Better late than never. One Marine is finally being recognized nearly 70 years after for his service in the U.S. Marine Corps. Lenel Moore is 87 years old and only recently received a Congressional Gold Medal for his service with the Montford Point Marines. They were the first black Marines, who were able to join the armed forces after President Roosevelt opened up the military regardless of race in 1942.
It's really horrible to think about the way this country used to be -- but Moore served in a segregated Marine Corps. that trained separately from white Marines. Only about 1,000 of the original 20,000 black Marines were chosen to serve, and Moore was one of them. The armed forces remained segregated until 1948.
Moore served on Iwo Jima during WWII. Although most of the black Marines were in support units, many ended up in the middle of fighting. Moore was in a platoon of 32 men and only eight survived. Moore himself received shrapnel in his leg. He said their job was "clean up crew" and they carried the dead and injured off the field.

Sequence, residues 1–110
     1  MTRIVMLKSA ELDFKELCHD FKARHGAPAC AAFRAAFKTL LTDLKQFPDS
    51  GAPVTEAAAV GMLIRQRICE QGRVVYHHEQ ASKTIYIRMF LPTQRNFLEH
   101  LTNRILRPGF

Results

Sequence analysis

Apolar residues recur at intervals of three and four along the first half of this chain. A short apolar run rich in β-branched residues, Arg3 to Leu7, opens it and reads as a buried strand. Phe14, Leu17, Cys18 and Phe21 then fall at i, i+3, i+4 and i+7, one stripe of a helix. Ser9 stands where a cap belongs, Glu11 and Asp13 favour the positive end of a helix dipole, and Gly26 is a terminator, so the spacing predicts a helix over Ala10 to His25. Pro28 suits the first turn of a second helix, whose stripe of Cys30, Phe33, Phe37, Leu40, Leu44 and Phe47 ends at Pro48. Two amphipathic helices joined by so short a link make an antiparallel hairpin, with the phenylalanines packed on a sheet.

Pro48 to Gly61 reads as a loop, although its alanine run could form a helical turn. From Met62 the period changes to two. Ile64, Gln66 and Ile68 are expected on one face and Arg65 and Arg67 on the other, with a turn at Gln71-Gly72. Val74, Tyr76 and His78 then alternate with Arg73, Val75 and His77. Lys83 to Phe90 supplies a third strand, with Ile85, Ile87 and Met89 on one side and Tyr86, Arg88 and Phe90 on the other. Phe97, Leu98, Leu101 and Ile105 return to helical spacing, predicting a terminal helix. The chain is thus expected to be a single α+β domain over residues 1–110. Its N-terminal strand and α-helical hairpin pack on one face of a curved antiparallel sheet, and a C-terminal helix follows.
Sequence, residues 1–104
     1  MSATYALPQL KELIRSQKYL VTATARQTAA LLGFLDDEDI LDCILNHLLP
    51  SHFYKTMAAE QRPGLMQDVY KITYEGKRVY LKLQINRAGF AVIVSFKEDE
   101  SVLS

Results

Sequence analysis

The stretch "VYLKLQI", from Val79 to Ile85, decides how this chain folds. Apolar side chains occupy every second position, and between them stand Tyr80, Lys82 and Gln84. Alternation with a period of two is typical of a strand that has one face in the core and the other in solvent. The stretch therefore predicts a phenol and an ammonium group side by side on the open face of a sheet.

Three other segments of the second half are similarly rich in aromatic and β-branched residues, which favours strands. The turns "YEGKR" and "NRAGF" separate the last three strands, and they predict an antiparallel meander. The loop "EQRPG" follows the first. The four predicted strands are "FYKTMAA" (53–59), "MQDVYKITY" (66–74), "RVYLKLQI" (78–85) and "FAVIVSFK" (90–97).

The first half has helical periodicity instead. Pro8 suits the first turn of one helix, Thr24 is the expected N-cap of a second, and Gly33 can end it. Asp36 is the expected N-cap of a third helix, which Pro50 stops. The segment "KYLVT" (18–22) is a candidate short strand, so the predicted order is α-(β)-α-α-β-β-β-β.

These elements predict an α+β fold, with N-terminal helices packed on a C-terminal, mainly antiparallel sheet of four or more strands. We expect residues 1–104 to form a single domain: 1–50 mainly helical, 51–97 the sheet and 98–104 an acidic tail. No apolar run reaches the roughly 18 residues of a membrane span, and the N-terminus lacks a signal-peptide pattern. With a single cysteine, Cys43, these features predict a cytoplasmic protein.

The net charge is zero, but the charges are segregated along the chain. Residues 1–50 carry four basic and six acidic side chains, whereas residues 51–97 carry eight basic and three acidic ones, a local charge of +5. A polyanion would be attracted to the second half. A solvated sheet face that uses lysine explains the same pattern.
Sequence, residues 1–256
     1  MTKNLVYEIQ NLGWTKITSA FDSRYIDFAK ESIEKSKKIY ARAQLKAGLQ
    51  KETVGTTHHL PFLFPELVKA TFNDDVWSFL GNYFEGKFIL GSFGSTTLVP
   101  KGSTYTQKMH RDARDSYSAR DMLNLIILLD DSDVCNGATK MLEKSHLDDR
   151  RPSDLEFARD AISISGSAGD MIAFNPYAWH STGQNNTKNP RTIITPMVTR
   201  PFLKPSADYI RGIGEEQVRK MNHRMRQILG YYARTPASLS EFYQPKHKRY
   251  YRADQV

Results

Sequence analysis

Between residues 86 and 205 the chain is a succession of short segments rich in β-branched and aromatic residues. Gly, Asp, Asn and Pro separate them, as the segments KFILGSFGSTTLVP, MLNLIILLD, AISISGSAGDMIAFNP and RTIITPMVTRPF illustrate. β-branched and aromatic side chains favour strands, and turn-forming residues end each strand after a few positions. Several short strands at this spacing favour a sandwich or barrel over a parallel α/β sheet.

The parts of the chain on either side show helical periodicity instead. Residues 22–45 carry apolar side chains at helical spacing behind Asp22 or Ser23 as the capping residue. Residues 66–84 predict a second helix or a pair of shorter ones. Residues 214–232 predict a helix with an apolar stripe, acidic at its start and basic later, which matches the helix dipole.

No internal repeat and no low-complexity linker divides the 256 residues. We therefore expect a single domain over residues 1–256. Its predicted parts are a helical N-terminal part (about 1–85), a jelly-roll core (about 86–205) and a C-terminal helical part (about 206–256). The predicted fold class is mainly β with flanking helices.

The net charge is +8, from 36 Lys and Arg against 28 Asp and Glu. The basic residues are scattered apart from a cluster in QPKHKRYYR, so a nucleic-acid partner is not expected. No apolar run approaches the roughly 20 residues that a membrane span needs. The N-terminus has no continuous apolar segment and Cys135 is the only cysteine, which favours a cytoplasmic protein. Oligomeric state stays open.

The military is trying to track down all of the surviving members of the Montford Point Marines in order to give them gold medals, but it's thought only about half of them are still alive.
Moore was surprised by the honor, which was given to him by Marines in his hometown in Ohio. But he said as soon as he stepped into the hall where he was to be honored, he could tell everyone was there for him because he "felt the joy."
Moore said, "If I had to do it all over again, I would" and that "I appreciate this honor I thought I'd never see." Moore's family, including his two children and his 23-year-old grandson, witnessed the ceremony. Interestingly, the grandson said he never knew about his grandfather's service until that day!
What do you think of Moore's honor?
Image via Cliff1066a/Flickr